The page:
Letters to the editor

November 25, 2003

Tax law hurts seniors

To the editor:

Current Maryland income-tax law unfairly penalizes taxpayers who are 65 or over. They are allowed a lesser tax exemption than someone who claims a non-spouse dependent of that age. A taxpayer aged 65 can claim only the basic exemption of $2,400 plus an additional exemption of $1,000 because of age, or a total of $3,400.

For those at least 65 (other than a spouse) who is taken as the dependent of a taxpayer, however, the allowable exemption is doubled to $4,800. In short, the aged taxpayer is subject to state and local taxes on an additional $1,400 at a combined rate of about 7.7 percent.

In most jurisdictions in Maryland, this disparity in exempt amounts means about $110 more in state and local taxes each year. This inequitable tax liability doubles, of course, for a taxpaying couple, both of whom are 65 and allowed exemptions of $6,800 in comparison to a taxpayer who claims two dependents at 65 and is accorded $9,600 in exemptions.


Logic and simple fairness demand that the amount of a tax exemption based solely on a person's age should be the same whether the 65-year-old is the taxpayer or the dependent of another taxpayer. Certainly aged taxpayers should be allowed the same tax exemption for a spouse for whose expenses they may be held legally responsible as is allowed to someone who claims a non-spouse dependent who is 65. An aged taxpayer's marital status should not, in and of itself, cause greater tax liability.

The higher costs for medical and drug expenses commonly incurred by many seniors are no less for those paying their own taxes. In fact, the taxpayer is less likely to meet the income requirements for federal or state assistance in meeting these costs.

The 195,000 taxpayers 65 or over in Maryland are liable for more than $21 million in state and local taxes for 2003 that are not asked of those claiming a 65-year-old dependent other than a spouse. This $21 million exceeds the amount that Maryland budgeted for senior programs for 2003. In effect, one group of seniors is subsidizing, in full, all of the state's senior programs.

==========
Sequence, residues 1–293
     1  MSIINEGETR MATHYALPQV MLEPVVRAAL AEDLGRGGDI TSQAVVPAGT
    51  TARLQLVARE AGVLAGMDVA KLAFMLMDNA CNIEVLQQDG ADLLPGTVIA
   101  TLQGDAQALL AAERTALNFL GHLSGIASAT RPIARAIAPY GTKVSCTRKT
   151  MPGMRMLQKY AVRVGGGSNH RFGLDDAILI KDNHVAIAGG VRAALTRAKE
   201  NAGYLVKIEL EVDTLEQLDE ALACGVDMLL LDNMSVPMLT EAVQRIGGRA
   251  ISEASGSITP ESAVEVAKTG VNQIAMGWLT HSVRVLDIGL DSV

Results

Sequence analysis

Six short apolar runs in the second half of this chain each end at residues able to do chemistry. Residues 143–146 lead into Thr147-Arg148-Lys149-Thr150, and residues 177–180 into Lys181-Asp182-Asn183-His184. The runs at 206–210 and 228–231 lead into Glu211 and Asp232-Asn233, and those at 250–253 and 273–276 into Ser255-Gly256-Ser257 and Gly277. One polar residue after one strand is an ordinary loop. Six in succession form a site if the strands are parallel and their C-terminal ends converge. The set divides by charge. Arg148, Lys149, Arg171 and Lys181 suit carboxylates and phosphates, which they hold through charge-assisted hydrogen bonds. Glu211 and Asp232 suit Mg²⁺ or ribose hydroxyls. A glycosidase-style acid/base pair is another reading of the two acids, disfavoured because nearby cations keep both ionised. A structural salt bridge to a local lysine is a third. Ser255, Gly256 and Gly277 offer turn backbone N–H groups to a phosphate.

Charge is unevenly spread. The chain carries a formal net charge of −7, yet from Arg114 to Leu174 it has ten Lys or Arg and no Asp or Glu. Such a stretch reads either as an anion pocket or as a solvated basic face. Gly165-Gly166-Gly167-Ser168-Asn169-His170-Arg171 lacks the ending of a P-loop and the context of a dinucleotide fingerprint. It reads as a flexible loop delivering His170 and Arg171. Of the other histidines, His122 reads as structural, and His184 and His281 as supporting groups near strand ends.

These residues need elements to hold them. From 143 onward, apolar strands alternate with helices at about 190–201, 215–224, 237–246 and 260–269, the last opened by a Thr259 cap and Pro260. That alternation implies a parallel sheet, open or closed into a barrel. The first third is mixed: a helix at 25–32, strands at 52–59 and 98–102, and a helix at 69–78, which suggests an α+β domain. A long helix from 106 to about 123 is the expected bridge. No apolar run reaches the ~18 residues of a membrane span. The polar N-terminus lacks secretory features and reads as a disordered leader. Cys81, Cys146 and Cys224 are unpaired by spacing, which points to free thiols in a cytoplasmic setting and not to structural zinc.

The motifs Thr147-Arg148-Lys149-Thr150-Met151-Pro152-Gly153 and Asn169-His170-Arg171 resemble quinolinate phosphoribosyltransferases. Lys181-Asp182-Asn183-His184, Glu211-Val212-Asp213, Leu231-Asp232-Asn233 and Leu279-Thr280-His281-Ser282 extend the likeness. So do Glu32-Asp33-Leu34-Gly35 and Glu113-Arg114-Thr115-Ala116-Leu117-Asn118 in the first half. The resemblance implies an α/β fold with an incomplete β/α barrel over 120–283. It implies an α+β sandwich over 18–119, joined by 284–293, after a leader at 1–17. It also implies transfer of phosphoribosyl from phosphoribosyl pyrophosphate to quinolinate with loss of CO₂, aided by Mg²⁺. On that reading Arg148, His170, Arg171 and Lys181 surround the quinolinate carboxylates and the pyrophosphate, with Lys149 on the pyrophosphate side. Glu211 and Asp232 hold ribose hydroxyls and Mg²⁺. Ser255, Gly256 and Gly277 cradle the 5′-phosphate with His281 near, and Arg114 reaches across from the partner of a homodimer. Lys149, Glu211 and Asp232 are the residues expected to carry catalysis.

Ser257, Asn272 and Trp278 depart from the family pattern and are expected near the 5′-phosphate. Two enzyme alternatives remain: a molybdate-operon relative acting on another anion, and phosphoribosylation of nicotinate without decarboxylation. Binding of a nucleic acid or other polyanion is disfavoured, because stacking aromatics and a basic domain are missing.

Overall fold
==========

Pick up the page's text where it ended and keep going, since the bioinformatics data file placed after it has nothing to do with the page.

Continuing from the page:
Legislation will be introduced in the 2004 General Assembly session to equalize the personal tax exemption for all Maryland residents who are aged 65. I encourage all Marylanders to ask their state legislators to support these bills and restore an element of equity to Maryland's tax policy affecting seniors.

Shirley Aurand

82nd flies high

To the editor:

The 82nd Airborne Division Association has made great strides in expansion and service to our country. Our division still serves America after being formed 61 years ago. The most decorated division in World War II is now fighting in Afghanistan.

The 82nd Airborne Division Association is more than 60 years old and has increased its membership to more than 27,000.

This includes veterans from Africa, Sicily, Italy, France, the Netherlands, Belgium, Germany of World War II and Dominican Republic, Vietnam, Grenada, Panama, Persian Gulf, Afghanistan and Iraq.

We are definitely America's "Guard of Honor" as stated by Gen. George Patton in Berlin in 1945.

Veterans from all airborne units will attend, including troopers from the 11th, 13th, 17th, 82nd, 101st and today's Special Forces. We have 96 chapters scattered across this country which hold regular meetings, picnics, dinner and dances, mini-reunions and march in local parades with their Color Guards and have school programs about World War II.

Our 58th Annual National Convention will be Reno, Nev. in August, 2004. Also next year we will have many mini-reunions in Pennsylvania, Florida, Virginia, Arizona and Washington, D.C.

Once airborne - always airborne.

This motto still applies after 60 years. Airborne is the only requirement to join.

For complete details on reunions and material for membership, write Airborne 2004, 5459 Northcutt Pl., Dayton, OH 45414, call 1-937-898-5977, or send e-mail to

Shirley Gossett (World War II)
National Membership Chairman
Dayton, Ohio

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